US Army tackles DVE issue, but what proposals will come to fruition?

Are we finally making progress overcoming the scourge of helicopter operations that is flying in degraded visual environments (DVE)?

The issue took centre stage at the recent AUSA exhibition in Washington, DC, where the US Army – who could give lessons to other Western services about how to proactively engage with the media – outlined its approach.

It’s unsurprising that progress is likely to come from one of the world’s largest operators of helicopters – from 2002 to 2015, the US Army recorded around 400 Class A and Class B accidents as a result of either controlled flight into terrain or DVE conditions.

Class B accidents result in damage costing $500,000 to $2 million, while Class A include accidents are over $2 million. That has resulted in costs totalling around $1.4 billion; although more significant is the human cost – 152 service personnel killed over 13 years, mainly during combat missions.

The US Army now plans to set out requirements for a DVE solution on its rotary-wing aircraft as soon as next year.

An analysis of alternatives of DVE technology has already been completed, paving the way for the service to develop an RfP and conduct a limited user assessment with serving personnel.

The army’s DVE solution is known as the Brownout Rotorcraft Enhancement System (BORES), which will likely consist of sensors and synthetic vision technologies to provide cueing information for pilots flying in obscurants such as sand or dust.

The service is now gathering data on how current technologies from industry can penetrate obscurants and sensor data can be fused into a single synthetic picture.

Any DVE solution will likely comprise three basic elements: symbology information to the pilot; active sensors such as LIDAR; and improving the flight characteristics of helicopters.

As our intrepid reporter Grant Turnbull found walking the halls of AUSA, some of industry’s biggest players are now taking an active interest in the DVE/BORES programme.

Northrop Grumman, for one, believes that there is not one single DVE sensor and a likely way forward for the US Army will be to utilise existing equipment. This could include IR countermeasures systems, fire control radars and EO/IR cameras.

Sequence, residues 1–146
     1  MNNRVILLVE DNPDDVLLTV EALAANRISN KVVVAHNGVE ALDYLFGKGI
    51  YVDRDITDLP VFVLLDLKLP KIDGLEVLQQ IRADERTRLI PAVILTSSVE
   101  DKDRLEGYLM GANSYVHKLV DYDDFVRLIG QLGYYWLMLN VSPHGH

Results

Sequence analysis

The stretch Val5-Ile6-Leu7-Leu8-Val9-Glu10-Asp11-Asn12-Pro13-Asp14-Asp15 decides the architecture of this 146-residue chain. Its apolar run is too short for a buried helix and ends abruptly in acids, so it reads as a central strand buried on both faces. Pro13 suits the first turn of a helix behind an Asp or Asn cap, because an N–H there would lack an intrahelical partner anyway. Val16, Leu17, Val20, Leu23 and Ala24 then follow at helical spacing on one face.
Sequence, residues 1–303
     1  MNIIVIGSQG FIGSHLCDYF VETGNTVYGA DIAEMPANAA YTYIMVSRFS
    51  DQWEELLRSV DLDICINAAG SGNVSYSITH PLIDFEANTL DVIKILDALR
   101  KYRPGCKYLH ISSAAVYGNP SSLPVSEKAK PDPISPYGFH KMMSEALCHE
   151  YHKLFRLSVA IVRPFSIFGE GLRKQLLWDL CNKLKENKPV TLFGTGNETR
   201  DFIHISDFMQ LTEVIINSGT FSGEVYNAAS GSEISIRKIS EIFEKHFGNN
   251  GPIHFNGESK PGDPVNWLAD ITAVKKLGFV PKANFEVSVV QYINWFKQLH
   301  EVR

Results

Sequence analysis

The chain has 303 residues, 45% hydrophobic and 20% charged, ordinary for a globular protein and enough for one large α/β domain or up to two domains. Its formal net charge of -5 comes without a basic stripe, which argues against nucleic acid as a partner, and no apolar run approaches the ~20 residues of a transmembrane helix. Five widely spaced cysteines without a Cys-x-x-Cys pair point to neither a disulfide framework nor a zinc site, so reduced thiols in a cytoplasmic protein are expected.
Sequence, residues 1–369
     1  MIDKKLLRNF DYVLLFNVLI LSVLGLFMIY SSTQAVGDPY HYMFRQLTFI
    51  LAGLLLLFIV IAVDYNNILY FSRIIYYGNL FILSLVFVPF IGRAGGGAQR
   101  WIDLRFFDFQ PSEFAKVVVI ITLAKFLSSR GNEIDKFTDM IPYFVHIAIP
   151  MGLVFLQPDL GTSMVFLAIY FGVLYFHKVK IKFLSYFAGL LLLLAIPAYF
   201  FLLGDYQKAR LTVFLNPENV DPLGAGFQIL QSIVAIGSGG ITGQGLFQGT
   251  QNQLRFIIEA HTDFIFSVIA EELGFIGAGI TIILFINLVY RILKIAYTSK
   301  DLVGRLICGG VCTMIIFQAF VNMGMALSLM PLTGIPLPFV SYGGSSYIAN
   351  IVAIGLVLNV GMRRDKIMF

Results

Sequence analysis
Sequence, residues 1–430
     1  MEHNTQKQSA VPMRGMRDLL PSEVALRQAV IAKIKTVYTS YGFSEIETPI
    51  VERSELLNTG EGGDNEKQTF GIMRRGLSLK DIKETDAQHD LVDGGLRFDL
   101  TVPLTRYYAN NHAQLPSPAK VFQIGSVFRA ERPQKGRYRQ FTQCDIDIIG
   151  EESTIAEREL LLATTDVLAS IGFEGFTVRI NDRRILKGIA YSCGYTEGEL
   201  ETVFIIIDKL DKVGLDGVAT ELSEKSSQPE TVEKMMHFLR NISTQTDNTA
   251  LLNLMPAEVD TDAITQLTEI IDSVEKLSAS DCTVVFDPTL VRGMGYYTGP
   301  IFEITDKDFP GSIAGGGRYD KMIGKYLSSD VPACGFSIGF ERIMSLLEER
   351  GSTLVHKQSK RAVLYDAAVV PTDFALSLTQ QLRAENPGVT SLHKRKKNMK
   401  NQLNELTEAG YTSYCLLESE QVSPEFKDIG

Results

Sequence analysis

One of the key enablers to combining existing sensor information for DVE will be processing, and the boffins at Lockheed Martin Missiles and Fire Control pointed out that for a DVE solution to be viable it has got to have an intelligent architecture that is expandable and modular.

The company also believes there are a number of platforms that have pre-existing sensors that could combine the added utility of processing and conceive a DVE solution in a short period.

Elsewhere, others argue that an initial baseline DVE solution might include passive sensors and a helmet-mounted display (HMD) to present symbology to the pilot. Companies promoting their HMD and head-tracking expertise at AUSA included BAE Systems and Elbit Systems.

The advantage of such an approach is that it is sensor-agnostic, while additional information such as flight routes, enemy threat domes, blue/ red force tracking and obstacles can also be displayed to the pilot using similar symbology.

Rockwell Collins is developing a sensor-agnostic system dubbed the Synthetic Vision Avionics Backbone (SVAB), and the company has been carrying out a series of demonstrations at the US Army’s Yuma Proving Ground using a variety of different sensor types, including 2D imaging and LIDAR.

All positive progress then, but the slow pace introducing a viable solution still rankles, given how long this has been recognised as a critical issue.

We might also have to keep the celebratory champagne on ice for a bit longer – while the army plans to conduct a limited user assessment next spring at Yuma, programme managers admitted to us that there was currently no acquisition timeline for DVE/ BORES beyond the RfP phase.

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